Disclosure: Serve(d) as a director, officer, partner, employee, advisor, consultant or trustee for: AbbVie, Covidien, Ethicon, Gynesonics, Halt Medical, Hologic, Inc., Intuitive Surgical, Pacira Pharmaceuticals, Smith & Nephew Endoscopy, Stryker Endoscopy<br/>Serve(d) as a speaker or a member of a speakers bureau for: Ethicon, Intuitive Surgical, Smith & Nephew Endoscopy<br/>Royalties for: Thomas Medical/Catheter Research, Inc. (Miller Catheter).

Specialty Editor Board

Mary L Windle, PharmD Adjunct Associate Professor, University of Nebraska Medical Center College of Pharmacy; Editor-in-Chief, Medscape Drug Reference

Disclosure: Nothing to disclose.

Wayne Wolfram, MD, MPH Professor, Department of Emergency Medicine, Mercy St Vincent Medical Center; Chairman, Pediatric Institutional Review Board, Mercy St Vincent Medical Center, Toledo, Ohio

Wayne Wolfram, MD, MPH is a member of the following medical societies: American Academy of Emergency Medicine, American Academy of Pediatrics, Society for Academic Emergency Medicine

Disclosure: Nothing to disclose.

Chief Editor

Andrea L Zuckerman, MD Associate Professor of Obstetrics/Gynecology, Tufts University School of Medicine; Division Director, Pediatric and Adolescent Gynecology, Tufts Medical Center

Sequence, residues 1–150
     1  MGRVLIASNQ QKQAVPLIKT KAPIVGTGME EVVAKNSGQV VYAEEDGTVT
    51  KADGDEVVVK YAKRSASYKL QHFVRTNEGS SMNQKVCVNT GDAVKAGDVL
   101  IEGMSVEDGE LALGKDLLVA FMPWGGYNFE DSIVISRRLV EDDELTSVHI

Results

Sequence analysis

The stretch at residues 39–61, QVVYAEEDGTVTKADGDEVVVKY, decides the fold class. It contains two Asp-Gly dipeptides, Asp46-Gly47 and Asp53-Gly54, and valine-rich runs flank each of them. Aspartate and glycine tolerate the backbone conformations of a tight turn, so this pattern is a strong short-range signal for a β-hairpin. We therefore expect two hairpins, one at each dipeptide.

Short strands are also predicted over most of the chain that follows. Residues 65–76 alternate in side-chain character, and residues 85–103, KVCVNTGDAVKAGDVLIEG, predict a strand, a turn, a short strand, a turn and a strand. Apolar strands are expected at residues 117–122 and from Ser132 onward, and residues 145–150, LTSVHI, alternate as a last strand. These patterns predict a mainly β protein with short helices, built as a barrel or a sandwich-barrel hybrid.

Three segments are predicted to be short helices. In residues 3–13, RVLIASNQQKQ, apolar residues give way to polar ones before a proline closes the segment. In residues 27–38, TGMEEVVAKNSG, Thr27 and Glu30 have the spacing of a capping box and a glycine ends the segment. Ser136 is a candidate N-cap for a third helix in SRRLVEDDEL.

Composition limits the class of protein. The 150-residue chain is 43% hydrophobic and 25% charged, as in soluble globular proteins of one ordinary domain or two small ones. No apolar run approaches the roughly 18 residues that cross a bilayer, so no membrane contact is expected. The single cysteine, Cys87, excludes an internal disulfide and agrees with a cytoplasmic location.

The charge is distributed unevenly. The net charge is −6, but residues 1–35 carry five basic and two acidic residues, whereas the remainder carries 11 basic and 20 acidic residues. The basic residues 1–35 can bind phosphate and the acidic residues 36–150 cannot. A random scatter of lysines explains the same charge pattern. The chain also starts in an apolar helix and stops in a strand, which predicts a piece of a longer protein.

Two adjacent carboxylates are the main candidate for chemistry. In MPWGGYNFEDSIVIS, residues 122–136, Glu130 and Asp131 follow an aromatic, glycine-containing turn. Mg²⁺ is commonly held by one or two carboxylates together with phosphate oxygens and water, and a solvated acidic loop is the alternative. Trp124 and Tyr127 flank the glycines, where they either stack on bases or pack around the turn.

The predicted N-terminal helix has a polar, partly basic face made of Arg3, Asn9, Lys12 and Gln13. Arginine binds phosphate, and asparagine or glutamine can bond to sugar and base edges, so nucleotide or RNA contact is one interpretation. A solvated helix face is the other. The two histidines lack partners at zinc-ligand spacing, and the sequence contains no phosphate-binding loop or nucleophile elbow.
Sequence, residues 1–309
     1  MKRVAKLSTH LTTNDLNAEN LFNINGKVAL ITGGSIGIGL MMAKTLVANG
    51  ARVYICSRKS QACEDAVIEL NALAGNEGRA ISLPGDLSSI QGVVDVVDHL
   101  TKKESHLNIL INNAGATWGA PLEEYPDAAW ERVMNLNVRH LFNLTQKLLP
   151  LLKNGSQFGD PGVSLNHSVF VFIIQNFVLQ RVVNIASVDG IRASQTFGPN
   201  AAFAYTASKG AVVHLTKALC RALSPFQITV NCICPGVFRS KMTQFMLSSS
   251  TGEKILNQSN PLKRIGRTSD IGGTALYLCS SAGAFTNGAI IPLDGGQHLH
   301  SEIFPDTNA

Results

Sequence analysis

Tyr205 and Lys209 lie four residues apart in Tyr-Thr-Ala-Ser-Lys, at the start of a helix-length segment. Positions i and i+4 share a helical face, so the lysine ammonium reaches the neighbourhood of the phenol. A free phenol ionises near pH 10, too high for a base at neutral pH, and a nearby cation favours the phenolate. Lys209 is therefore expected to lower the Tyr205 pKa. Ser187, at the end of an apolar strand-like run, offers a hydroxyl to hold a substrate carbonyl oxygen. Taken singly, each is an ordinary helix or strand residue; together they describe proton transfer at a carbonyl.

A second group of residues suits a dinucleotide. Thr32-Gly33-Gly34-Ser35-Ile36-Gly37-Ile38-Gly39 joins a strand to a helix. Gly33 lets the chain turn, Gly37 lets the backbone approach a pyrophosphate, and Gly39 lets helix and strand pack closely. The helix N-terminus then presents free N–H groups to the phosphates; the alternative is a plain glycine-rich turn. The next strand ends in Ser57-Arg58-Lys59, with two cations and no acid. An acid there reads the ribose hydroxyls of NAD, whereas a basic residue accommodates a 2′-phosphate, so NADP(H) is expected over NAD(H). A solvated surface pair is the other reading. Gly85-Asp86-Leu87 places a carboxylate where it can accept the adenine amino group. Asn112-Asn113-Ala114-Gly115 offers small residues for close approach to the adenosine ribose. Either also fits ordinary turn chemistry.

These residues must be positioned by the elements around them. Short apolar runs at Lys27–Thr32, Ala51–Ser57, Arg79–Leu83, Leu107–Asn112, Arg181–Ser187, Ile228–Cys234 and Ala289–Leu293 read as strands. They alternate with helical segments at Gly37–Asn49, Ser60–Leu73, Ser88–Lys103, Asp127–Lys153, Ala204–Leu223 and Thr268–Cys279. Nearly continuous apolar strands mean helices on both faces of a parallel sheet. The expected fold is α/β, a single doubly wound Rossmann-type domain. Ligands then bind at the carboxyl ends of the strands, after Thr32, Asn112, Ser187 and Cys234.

Andrea L Zuckerman, MD is a member of the following medical societies: American College of Obstetricians and Gynecologists, Massachusetts Medical Society, North American Society for Pediatric and Adolescent Gynecology

Disclosure: Nothing to disclose.

Additional Contributors

Elizabeth Alderman, MD Director, Pediatric Residency Program, Director of Fellowship Training Program, Adolescent Medicine, Professor of Clinical Pediatrics, Department of Pediatrics, Division of Adolescent Medicine, Albert Einstein College of Medicine and Children's Hospital at Montefiore

Elizabeth Alderman, MD is a member of the following medical societies: American Academy of Pediatrics, American Pediatric Society, North American Society for Pediatric and Adolescent Gynecology, Society for Adolescent Health and Medicine

Disclosure: Nothing to disclose.

Acknowledgements

Latha Chandran, MBBS, MD, MPH Professor of Pediatrics, Vice Dean for Undergraduate Medical Education, Stony Brook University School of Medicine, New York

Latha Chandran, MBBS, MD, MPH is a member of the following medical societies: American Academy of Pediatrics

Disclosure: Nothing to disclose.